|Michigan Milk Market Update &
Reflections on 2009
We all know that 2009 was an historically bad year for US dairy farms. Preliminary financial data from Michigan dairy farms start to put it in perspective. Table 1 shows summary information from the Michigan dairy farm business analysis summaries. Even though 2009 is preliminary, the values likely will not change a great deal in the final version.
Over the 9 years the average rate of return on assets (ROA), a measure of profitability, averaged 5.8%. 2001, 2004 and especially 2007 were profitable years, while 2002 and 2003 were very poor.
While the milk price has recovered to an average price relative to the past 15 years, the milk-to-feed price ratio continues to be near 2.0 as feed prices remain high (Figure 1).
Nationally, milk production increased for a third consecutive month in May. May milk production was estimated at 17.0 billion pounds, 1.1% more than May 2009. Cow numbers in May were 9.103 million. That value was down 171,000 from a year earlier but 4,000 more than April 2010. Regionally, the states in the Northwest (and California) appear to be recovering by posting year-over-year production gains while in the Midwest Wisconsin (+5.8%), Michigan (+4.4%) and Minnesota (+3.8%) continued their impressive growth rate. In the Southwest the story was different as production declined in Texas, New Mexico and Arizona.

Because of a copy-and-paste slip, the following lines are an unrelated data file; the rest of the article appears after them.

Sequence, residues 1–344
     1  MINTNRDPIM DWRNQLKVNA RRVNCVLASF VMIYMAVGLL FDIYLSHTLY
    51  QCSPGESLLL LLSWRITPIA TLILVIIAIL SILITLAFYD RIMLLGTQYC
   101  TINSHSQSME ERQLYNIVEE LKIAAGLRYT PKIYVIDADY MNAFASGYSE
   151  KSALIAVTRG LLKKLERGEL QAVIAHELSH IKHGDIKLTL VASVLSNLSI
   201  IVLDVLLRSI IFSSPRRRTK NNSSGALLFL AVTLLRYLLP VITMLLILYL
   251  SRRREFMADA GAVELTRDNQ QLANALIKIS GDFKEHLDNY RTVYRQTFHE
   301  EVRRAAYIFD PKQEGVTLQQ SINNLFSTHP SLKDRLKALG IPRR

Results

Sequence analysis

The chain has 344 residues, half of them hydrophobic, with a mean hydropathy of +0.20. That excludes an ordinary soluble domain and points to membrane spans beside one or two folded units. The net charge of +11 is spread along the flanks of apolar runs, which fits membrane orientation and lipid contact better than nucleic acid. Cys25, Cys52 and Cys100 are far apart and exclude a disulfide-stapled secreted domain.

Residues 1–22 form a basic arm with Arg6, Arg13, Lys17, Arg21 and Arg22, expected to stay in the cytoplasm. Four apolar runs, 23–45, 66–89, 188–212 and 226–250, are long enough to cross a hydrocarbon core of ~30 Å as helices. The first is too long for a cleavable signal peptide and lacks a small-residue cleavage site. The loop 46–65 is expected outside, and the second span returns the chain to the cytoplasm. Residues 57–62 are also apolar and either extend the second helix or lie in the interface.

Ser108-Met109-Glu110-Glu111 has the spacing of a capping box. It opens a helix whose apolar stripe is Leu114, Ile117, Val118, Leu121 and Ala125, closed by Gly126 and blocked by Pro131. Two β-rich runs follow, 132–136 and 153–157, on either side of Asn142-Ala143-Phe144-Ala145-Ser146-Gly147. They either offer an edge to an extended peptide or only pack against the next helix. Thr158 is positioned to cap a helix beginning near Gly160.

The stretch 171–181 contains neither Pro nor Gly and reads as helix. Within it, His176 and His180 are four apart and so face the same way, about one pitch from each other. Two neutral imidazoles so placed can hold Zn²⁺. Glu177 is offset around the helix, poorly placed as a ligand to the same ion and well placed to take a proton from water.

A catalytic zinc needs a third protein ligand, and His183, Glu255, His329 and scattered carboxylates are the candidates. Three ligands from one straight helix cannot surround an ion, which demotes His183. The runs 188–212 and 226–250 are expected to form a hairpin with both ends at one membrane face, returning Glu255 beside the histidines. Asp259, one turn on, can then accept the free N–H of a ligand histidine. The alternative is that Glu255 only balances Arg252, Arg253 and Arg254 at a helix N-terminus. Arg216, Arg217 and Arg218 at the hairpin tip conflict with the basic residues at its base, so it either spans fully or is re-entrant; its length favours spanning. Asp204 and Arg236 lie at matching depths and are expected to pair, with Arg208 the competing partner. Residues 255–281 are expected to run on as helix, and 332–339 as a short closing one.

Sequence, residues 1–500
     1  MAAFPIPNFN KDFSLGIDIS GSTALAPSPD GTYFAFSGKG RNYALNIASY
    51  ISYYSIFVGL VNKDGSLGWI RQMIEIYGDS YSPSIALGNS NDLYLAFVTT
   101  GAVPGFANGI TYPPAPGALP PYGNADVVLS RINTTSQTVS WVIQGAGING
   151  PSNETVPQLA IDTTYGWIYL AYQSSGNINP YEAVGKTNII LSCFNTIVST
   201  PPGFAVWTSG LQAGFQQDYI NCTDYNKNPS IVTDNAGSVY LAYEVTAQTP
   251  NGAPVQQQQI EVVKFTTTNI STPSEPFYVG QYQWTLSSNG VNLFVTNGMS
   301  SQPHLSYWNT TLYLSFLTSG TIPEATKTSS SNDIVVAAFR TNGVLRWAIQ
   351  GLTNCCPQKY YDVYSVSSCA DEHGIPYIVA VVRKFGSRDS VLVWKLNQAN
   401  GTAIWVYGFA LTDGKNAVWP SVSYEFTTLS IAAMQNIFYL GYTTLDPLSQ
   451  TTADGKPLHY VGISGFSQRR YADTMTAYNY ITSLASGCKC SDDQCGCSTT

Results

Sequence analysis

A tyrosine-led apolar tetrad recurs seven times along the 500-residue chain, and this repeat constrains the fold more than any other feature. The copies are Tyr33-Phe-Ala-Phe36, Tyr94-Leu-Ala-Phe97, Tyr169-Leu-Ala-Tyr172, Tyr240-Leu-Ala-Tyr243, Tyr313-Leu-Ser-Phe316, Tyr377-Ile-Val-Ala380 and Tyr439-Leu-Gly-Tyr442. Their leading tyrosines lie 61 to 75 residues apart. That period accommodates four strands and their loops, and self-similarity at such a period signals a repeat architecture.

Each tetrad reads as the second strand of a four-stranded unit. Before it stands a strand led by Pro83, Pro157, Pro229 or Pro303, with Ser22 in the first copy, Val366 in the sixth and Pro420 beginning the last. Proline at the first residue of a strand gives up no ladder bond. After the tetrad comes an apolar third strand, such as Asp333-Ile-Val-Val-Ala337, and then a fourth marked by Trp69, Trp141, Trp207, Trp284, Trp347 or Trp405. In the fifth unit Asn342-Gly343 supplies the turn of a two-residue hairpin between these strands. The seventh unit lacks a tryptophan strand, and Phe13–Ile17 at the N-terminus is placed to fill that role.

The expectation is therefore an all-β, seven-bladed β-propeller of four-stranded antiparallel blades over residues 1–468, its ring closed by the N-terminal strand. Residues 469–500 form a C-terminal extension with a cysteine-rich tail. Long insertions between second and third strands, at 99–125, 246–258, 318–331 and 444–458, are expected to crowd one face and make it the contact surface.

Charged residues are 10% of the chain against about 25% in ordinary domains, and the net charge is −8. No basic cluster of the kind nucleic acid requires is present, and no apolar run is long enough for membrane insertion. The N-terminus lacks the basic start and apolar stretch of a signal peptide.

While there is still a great deal of total cheese in inventory, stocks grew at a lower than average historic pace last month. International dairy products prices are relatively strong.
In the latest forecast, USDA raised its milk price forecast based on the expectations of higher dairy exports and lower dairy imports.
Weather Data from Enviro-weather Program
Time Management for Dairy Cows
Study Abroad to Holland & Belgium
Food Animal Vets
NMC Meeting -- September 8-9
Proactive Farm Management
Protect Your Herd
Elimination of Johne's Disease?
Capturing Manure Nutrients
KBS Gets LEED Certification
Spartan Dairy 3 Is Ready